Tuesday, 8 November 2016

The Sound of Silence 08.11.2016

(As per, I'll apologise for any shite spelling. I am writing this on a train on my mobile)

In the summer I met and was privileged to work with a dancer and performing artists called Pauline Mayer. I met her as part of a theatre project where, I believe, we made a really powerful performance. More than that I think we briefly instigated a practice the can be used in life at large. I've been watching what everyone has been up to since. I always like to read what Pauline posts on facebook. She's the kind of person I feel instantly safe around. Though perhaps that safety lies in the fact that Pauline is a danger to the establishment that seeks to alienate us. I'm going off point a bit. Just a little context. This is a post about music.

The other day Pauline said that on hearing Disturbed's version of The Sound of Silence (originally by Simon and Garfunkel) against the political backdrop of the US election she suddenly understood the prophetic lyrics. Not long before I saw her post I had been deriding this cover as the ultimate example of "burger rock",  a genre that covers a lot of white American rock music - marked out by white men with big feelings; ranging from Creed and Metallica to Nickelback with its more loose tendrils taking us into the realms of Zappa and Tool.

I was really tired. Unbelievably so. I was also filled with a social sadness and terror which I felt futile to withstand. I thought to myself that I usually find Pauline to be a person who can intercept my perceptions and turn them around, so I listened to the song and thought a out what is about to happen and burst into tears. Because this cover feels like an absolute defining point in white American pop music and social conscience. It begins in a deep register, a tense and controlled one. It builds it's crescendo within the exact framework of the song we all know. It is at once nostalgic and re-composed. Whereas the original as a seductive shimmer cut through with a deep emotional root note the cover is deeply centred around the voice - the "I", and I'm all of a sudden completely captured with that central register, it's speaking to me and showing me that silence is incredibly violent and totally audible. In fact the song itself is violent. It reflects the will to reconstruct a moment despite the knowledge that the moment has in fact been. You can write all over a historical object or even just tweak it and present it as an entirely new possibility.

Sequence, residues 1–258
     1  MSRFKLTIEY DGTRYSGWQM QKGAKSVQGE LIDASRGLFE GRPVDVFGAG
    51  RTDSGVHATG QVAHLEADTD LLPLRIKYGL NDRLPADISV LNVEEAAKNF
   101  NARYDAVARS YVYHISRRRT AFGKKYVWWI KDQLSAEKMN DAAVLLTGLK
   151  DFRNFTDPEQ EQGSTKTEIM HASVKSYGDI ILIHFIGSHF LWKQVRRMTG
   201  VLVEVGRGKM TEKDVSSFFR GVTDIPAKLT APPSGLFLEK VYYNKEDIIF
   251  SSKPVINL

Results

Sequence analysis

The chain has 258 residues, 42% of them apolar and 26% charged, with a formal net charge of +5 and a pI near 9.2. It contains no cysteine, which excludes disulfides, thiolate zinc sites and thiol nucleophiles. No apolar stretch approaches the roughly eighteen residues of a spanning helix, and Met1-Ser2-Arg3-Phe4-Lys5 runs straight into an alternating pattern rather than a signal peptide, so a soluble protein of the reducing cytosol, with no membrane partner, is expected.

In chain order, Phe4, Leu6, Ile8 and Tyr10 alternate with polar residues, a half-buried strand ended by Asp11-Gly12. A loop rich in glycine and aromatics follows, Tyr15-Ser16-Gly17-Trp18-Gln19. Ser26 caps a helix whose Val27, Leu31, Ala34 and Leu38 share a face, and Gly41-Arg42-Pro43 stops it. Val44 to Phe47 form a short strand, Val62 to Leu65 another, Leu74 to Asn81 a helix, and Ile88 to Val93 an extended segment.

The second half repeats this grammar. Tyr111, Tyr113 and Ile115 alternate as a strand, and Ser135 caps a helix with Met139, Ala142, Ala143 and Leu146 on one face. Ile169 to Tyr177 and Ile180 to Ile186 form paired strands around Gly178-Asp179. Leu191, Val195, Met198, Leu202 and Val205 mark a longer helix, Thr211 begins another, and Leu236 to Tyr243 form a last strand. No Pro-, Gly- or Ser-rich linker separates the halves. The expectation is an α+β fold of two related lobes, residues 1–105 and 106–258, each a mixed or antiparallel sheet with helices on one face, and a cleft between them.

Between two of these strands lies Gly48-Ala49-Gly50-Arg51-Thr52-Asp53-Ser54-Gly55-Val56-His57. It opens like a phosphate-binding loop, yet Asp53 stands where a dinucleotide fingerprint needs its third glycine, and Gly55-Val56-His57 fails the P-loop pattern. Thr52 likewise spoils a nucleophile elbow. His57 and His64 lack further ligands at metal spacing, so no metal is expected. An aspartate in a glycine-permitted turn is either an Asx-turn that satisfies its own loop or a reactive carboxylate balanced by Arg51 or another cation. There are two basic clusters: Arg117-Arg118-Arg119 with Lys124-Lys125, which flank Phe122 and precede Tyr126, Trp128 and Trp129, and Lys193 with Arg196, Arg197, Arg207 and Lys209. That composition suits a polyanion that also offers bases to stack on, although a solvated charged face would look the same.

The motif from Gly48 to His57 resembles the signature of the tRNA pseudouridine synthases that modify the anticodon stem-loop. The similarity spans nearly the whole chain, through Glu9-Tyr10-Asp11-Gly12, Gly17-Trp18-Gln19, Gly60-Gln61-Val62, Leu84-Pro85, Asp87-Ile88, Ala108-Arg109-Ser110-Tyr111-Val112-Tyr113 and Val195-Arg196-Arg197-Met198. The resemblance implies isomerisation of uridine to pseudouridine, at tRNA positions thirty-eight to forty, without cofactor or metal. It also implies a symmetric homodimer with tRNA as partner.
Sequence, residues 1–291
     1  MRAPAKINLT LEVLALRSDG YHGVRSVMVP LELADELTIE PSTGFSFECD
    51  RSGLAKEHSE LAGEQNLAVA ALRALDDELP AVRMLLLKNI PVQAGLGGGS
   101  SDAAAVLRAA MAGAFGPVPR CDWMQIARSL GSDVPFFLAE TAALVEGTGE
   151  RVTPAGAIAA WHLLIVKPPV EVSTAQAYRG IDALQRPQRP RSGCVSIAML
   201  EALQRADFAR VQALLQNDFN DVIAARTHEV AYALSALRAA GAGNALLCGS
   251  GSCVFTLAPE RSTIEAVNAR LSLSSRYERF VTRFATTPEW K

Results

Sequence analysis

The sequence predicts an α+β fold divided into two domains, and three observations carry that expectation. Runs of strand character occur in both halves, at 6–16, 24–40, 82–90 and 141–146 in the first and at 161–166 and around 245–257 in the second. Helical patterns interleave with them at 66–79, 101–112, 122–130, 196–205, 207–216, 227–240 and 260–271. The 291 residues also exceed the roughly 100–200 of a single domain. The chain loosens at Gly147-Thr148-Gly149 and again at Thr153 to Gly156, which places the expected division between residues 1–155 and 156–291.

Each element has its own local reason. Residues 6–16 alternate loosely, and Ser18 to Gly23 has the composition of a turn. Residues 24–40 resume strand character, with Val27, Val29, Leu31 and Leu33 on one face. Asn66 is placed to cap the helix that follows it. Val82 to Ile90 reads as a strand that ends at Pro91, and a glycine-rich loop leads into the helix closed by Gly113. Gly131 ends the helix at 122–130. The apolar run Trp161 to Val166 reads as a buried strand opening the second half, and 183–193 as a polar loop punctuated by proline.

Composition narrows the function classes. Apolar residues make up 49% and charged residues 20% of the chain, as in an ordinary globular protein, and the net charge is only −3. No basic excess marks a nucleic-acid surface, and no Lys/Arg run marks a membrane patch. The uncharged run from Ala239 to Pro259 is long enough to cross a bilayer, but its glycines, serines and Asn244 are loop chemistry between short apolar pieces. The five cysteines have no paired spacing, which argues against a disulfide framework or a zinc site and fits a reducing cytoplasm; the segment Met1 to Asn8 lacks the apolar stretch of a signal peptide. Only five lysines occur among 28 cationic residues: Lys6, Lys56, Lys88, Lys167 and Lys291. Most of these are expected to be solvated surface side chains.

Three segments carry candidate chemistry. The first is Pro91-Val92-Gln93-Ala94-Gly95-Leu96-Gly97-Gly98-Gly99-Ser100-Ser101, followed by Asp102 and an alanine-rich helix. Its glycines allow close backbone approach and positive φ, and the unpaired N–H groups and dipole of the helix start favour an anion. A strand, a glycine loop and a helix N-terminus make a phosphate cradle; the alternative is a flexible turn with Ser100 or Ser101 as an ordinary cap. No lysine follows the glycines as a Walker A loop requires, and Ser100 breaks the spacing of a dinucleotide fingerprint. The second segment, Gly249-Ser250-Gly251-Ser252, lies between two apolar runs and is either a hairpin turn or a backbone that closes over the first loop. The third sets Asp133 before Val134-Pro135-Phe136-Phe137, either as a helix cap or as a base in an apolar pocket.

I believe that very shortly Donald Trump will become the president of the USA. I believe this because over the last year I have been groomed by the continual fear of the worst case becoming reality. Obviously this is the choice between two murderers, but I feel it is the choice between Dr. Shipman and Dr. Mengele. You know what to do. But then when we were voting over Brexit a load of people, liberals and tories alike, willfully blinded themselves. And still now they won't be accountable to be complicit in any of it. I don't trust a thing. You open your mouth to argue and silence comes out of it.

I've sort of lost the thread of what I was trying to say. The singer gets the lyrics muddle in the last verse. He seems to sing "the words on the prophet are written on the subway walls". That's something worth listening to over and over because you imagine what words are "on" a prophet, imposed from the outside or in retrospect, and also what might have come from them. How you can superimpose your will onto a prophetic moment. Silence is promised. There will be moments where everyone goes very quiet as their sick will is enacted. For example many people who will vote for systematic racial hatred and conservatism will not admit they are going to do so. Silence does not mean "no".

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